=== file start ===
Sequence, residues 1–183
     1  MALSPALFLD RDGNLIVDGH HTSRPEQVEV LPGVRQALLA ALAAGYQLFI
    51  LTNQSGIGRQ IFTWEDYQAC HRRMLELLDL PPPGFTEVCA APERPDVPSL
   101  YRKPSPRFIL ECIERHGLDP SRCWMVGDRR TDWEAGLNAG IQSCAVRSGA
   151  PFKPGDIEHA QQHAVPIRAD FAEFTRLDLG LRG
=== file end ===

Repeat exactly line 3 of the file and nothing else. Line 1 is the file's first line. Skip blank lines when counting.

    51  LTNQSGIGRQ IFTWEDYQAC HRRMLELLDL PPPGFTEVCA APERPDVPSL